Guest Post by Dan Edwards, Stakeholder and Community Manager at SGN
We manage the network that distributes natural and green gas to 5.9 million homes and businesses across Scotland and the south of England. No matter who your supplier is, our pipes deliver your gas safely, reliably and efficiently.
We also provide the National Gas Emergency response to our network – which means, if you report a gas escape or gas emergency (inside or outside of your home), our engineers provide a 24-hour service 365 days a year to make the situation safe.
My previous role at SGN was as an emergency engineer – so I have first-hand experience of attending gas emergencies. I want to share with you some advice and information on carbon monoxide poisoning and how to stay gas safe in your home.
If you do smell gas, you should follow these six simple steps:
The ‘silent killer’: What is carbon monoxide (CO)?
CO is a colourless, tasteless, highly poisonous gas that’s produced by the incomplete burning of carbon-based fuels (including gas, oil, wood, petrol and coal) by your home appliances. You can’t see it, smell it, hear it or taste it – and that’s why it’s known as the ‘silent killer’.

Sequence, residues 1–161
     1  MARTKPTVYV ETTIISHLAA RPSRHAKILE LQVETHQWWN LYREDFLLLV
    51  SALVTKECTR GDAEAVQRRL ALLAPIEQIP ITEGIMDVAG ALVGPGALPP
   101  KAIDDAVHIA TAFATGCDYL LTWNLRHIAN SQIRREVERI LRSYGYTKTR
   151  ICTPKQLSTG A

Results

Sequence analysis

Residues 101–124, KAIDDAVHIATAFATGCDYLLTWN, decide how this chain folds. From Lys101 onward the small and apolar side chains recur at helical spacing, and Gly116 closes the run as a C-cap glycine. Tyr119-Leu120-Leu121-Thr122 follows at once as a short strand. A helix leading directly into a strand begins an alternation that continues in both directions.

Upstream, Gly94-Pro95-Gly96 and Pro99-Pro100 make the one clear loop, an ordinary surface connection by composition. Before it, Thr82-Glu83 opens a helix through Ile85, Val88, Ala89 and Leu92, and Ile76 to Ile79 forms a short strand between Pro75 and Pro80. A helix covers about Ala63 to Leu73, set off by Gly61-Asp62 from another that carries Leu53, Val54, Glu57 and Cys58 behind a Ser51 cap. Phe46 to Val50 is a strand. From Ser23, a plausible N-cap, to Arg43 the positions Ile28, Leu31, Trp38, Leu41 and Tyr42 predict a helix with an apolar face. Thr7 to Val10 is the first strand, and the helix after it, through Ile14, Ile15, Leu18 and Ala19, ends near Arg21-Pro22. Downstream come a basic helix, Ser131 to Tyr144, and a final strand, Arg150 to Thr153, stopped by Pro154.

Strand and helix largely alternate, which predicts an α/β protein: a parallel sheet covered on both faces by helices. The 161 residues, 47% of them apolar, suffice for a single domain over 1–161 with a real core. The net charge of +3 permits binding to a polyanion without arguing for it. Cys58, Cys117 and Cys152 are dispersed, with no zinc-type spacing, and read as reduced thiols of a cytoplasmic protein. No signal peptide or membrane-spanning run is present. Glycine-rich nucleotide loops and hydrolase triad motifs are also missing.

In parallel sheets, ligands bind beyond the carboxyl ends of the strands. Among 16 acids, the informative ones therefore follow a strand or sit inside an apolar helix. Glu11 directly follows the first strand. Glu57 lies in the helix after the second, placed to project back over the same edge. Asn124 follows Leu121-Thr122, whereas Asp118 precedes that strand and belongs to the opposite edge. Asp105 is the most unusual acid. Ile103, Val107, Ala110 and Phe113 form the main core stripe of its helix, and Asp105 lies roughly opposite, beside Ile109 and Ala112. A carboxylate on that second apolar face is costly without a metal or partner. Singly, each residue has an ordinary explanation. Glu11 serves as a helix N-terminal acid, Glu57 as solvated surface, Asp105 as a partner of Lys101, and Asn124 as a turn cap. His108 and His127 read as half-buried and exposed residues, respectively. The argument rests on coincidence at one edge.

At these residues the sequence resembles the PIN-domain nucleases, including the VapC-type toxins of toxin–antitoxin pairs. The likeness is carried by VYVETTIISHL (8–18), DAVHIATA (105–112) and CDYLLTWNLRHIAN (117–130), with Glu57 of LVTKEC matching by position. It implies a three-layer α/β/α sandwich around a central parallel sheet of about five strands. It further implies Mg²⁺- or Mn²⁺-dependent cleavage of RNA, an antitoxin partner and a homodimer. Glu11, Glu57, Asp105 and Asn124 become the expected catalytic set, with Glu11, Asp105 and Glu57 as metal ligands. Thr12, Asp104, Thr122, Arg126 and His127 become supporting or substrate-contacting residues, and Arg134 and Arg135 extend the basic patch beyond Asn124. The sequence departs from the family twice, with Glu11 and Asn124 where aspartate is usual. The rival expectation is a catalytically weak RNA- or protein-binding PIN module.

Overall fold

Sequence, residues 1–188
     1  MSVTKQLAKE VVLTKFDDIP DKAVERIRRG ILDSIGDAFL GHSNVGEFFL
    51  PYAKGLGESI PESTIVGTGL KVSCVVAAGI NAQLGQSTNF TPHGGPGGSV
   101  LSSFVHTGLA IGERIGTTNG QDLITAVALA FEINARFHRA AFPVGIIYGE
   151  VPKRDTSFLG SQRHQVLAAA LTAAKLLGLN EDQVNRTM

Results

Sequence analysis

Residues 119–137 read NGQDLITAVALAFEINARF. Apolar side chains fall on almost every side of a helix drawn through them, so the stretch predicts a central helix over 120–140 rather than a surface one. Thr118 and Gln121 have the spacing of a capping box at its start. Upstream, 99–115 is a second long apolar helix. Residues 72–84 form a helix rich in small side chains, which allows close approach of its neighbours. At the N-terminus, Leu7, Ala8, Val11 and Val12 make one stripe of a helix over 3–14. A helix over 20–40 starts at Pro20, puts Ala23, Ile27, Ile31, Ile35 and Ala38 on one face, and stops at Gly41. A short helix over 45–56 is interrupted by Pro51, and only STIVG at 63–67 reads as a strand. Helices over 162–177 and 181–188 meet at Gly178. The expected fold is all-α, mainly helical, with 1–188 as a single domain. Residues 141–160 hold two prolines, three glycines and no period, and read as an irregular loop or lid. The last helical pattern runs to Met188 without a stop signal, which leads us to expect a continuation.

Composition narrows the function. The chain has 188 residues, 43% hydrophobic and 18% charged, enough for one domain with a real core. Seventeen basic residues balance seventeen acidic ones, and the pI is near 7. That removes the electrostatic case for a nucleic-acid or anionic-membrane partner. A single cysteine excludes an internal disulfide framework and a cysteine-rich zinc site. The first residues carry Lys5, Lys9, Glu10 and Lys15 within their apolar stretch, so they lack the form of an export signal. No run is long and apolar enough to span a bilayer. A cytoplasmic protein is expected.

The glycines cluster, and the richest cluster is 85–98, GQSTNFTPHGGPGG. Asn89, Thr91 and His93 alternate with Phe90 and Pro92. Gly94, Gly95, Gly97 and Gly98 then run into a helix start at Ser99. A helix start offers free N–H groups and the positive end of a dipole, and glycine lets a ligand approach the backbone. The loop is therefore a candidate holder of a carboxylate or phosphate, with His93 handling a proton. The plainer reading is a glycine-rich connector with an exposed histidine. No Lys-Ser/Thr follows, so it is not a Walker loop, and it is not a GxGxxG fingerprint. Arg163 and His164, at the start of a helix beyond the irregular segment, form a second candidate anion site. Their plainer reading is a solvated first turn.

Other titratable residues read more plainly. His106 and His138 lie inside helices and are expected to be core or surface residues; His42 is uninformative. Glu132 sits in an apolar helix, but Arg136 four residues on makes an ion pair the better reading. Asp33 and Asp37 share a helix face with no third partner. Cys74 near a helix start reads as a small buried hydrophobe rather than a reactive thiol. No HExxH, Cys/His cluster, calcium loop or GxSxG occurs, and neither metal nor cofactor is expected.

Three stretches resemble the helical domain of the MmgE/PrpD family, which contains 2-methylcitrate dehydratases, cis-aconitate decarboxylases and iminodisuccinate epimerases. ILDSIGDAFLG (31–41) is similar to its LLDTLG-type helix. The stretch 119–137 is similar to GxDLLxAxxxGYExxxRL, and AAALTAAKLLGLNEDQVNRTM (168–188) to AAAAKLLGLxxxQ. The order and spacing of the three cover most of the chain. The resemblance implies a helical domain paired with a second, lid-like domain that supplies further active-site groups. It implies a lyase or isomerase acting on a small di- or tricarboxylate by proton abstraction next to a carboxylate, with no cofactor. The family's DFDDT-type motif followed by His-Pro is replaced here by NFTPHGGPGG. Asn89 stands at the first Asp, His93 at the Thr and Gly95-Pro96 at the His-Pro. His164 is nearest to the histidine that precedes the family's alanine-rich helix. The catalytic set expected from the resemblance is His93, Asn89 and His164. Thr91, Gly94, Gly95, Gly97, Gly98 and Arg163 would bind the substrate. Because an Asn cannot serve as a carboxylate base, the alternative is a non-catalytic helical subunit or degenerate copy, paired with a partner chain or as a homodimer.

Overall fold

But it’s not just appliances in your home that can produce CO. If you’re going camping or having BBQs this year, remember these key points: BBQs, portable heaters, camping sites and holiday accommodation are also risk areas.
- Never use BBQs and portable heaters in enclosed spaces (e.g. tents, caravans or cabins) without proper ventilation
- Appliances must be used for their intended purpose – don’t use cookers, hot plates or BBQs as space heaters
- Always ensure you can see your lit BBQ – don’t leave it on whilst sleeping
- BBQs are still dangerous even once you’ve finished cooking they can still give off fumes – so it’s a good idea to keep it outside
Keeping yourself safe
It’s important that you keep yourself and others gas safe in your home – make sure all your gas appliances are checked every year by a Gas Safe engineer. If you’re a tenant, this is your landlord’s responsibility. You can check if an engineer visiting your property is registered Gas Safe by checking their ID card.
Flames on most heating appliances should be crisp and blue. If you notice yellow or orange coloured flames, they should be checked by a professional. You should also look out for staining or discolouration on appliances – this could be a sign of carbon monoxide.
Finally, have an audible CO alarm fitted to protect yourself from the dangers of CO poisoning. It’s very simple to do, and it might just save your life.